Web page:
One of our close friends is about to celebrate their daughters first birthday and asked if I could whip together a Donut Board for their party. These things are quite popular nowadays and also versatile for a number of different event settings. I figured I’d try to build something a little different than some of the Pinterest DIY’s floating around – while also not going overboard on something that may very well end up in the garbage in a few weeks.
- 1/2″ Poplar Core Plywood
- 5/8″ dowels
- 5/8″ Fortsner Bit
- 1×3″ Select Pine (1 x 8ft, 1 x 10ft)
- Wood Glue
- Sanding Paper
- Prime and Paint of your choice
- Brad Nailer
- Chop Saw or Sliding Mitre Saw
- Orbital Sander
- Paint Sprayer (Optional)
- Palm Router (Optional)
- Purchase your Plywood. You can pretty much go to any hardware / lumber store for this. For the sake of convenience (and transportation), have them cut the board down to your preferred size. For this project, we opted for a 3.5ft x 4ft backwall because that’s the largest single piece I can fit into my car. I opted for a 4ft x 8ft x 1/2″ Pine w/ Poplar Core plywood sheet since it has a smooth face and relatively low cost. If you are building something to last, I’d suggest going with a 3/4″ plywood, as it will better withstand warping. Note: If you want exact dimensions, make sure you take an extra inch off each cut to account for the side walls
2. Determine spacing between pegs. We didn’t want the donuts to feel crammed, so we opted for 6 inch spacing between each peg. To visualize the layout, I taped painters tape horizontally across the board every 6 inches down and used a straight ruler to mark square. Given the backboard dimensions were 36″ x 48″, I was left with 6 pegs across and 7 pegs down, for a total of 42 pegs.
- Create slot holes for each peg. At each marked point, I used a 5/8″ forstner bit attached to a standard drill and drilled slot holes for the 5/8″ dowels to fit snugly into. Using some leftover painters tape, I marked an approximate 1/4″ depth point on the bit so that I would have a stopping point to prevent the hole puncturing straight through the other side of the plywood.
- Routing the frame (optional). Taking the 1″ x 3″ select pine, I routed one side of both boards with a 1/2″ bit, 1/4″ deep. You can skip this step and directly mount the frame around the backboard, but I liked the idea of tucking the backboard into the frame better.
- If you skipped the routing part, you can simply miter your frame on a 45 degree angle with 2 x 36″ inseam edges (using your 8ft pine) and 2 x 48″ inseam edges (using your 10ft pine). Since I routed 1/4″ off the ends of each side, my inseams were trimmed down to 35 1/2″and 47 1/2″ – to accommodate the 1/4″ overlay on both ends of the board.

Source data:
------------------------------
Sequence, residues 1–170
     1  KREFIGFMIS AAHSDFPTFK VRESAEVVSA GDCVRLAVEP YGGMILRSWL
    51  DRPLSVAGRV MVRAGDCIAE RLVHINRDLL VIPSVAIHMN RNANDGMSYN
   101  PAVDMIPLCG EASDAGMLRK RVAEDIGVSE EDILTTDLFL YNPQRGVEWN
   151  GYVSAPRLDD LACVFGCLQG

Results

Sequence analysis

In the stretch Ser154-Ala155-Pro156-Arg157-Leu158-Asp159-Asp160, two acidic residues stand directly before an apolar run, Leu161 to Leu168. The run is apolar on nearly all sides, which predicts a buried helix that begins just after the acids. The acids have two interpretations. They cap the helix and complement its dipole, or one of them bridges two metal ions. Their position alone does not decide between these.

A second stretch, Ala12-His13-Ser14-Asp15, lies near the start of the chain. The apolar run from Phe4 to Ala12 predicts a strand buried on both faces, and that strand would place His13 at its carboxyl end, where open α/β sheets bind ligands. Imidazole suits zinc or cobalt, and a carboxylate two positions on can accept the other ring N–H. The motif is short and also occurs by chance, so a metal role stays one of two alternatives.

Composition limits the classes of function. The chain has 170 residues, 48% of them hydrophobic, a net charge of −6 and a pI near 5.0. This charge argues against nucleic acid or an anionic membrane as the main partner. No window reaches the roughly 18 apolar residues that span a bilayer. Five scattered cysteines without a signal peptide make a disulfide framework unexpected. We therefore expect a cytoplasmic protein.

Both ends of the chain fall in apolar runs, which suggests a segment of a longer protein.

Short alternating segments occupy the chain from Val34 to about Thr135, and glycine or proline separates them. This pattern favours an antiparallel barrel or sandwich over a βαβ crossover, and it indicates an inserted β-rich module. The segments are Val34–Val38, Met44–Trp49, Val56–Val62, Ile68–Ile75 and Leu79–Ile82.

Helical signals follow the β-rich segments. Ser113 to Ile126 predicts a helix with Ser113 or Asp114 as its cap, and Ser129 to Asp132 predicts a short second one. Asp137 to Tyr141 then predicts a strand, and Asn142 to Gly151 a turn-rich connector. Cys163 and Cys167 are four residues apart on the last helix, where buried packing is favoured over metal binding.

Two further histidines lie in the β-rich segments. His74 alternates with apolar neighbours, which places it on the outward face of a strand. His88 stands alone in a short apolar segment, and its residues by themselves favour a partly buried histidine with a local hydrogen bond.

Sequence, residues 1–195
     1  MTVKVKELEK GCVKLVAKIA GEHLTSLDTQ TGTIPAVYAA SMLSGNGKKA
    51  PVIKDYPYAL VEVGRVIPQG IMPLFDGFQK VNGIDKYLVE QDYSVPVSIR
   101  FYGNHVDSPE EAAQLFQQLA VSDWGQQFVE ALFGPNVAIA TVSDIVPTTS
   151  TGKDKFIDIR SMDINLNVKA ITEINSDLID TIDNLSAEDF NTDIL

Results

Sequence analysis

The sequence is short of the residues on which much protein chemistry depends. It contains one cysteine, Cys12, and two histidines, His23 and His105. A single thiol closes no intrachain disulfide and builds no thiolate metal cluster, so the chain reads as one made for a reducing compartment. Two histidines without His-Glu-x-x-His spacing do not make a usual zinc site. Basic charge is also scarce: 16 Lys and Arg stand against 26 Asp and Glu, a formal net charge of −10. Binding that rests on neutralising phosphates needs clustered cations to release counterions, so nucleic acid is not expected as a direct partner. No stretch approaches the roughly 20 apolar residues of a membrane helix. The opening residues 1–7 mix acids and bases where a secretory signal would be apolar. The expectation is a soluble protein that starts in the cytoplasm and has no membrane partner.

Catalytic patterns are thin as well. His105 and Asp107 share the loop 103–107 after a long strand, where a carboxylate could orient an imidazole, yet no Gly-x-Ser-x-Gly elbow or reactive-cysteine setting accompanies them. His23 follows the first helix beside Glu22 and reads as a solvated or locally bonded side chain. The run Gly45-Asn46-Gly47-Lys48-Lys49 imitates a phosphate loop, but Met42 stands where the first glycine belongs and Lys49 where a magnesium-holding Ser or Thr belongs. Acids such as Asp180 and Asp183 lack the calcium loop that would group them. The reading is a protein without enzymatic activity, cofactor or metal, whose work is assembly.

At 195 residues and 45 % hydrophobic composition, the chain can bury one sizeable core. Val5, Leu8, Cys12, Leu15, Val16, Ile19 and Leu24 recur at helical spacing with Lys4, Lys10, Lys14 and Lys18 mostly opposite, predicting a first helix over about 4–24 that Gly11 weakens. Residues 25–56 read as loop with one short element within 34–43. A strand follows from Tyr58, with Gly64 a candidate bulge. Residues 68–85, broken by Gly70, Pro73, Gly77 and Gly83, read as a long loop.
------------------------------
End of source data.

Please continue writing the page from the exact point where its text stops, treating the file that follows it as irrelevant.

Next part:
- Glue and Nail the frame around your board. The next obvious step is to stand the frame up around (and in my case over) your board and glue the frame to the board. I used some tape to keep the ends of the mitre tight and a speed square to check for 90 degree angles on each corner. Be generous with your wood glue and if you have, use a nail gun to hold the frame in place as it dries. Work your way around the board until all 4 sides of your frame are glued (and nailed) to the board, wiping off excess glue with a damp cloth as you go.
- Quick Sand. Sand the entire board down with 120 grit sandpaper, followed by a second pass with 220. This will give your board a smooth finish and make your life a lot easier before you paint.
- Turn dowels into pegs. We decided we wanted the pegs to be 2-inches from the backboard, so I created a stop block on my mitre saw at 2’1/4″ – which includes enough room for the dowel to slide into the pre-drilled holes. Now we chop 42 times.
- Plug the holes. We’re almost there! Simply dab a drop of glue into each predrilled hole and plug it in with your pre-cut pegs. Make sure you wipe off any glue runoff that might be squeezed out.
- Prime and paint! In most cases, I would have prime and painted the frame & board before plugging the holes, however, a few factors made me decide to do this step in reverse:
a. I didn’t want to paint the pegs separately, and
b. I was planning on using my paint sprayer vs a brush & roller.
The downside to inserting the pegs first meant the sanding session between coats was more difficult and time consuming than it could be. In hindsight, even though a paint sprayer is so much fun, I think I would use a paint brush/roller combo first, then insert the pegs at the end. Sanding the project between the pegs was a nightmare. Lesson learned!
If you are looking for more weekend projects, hit up our weekend project category for more ideas. Hope you enjoyed this project!
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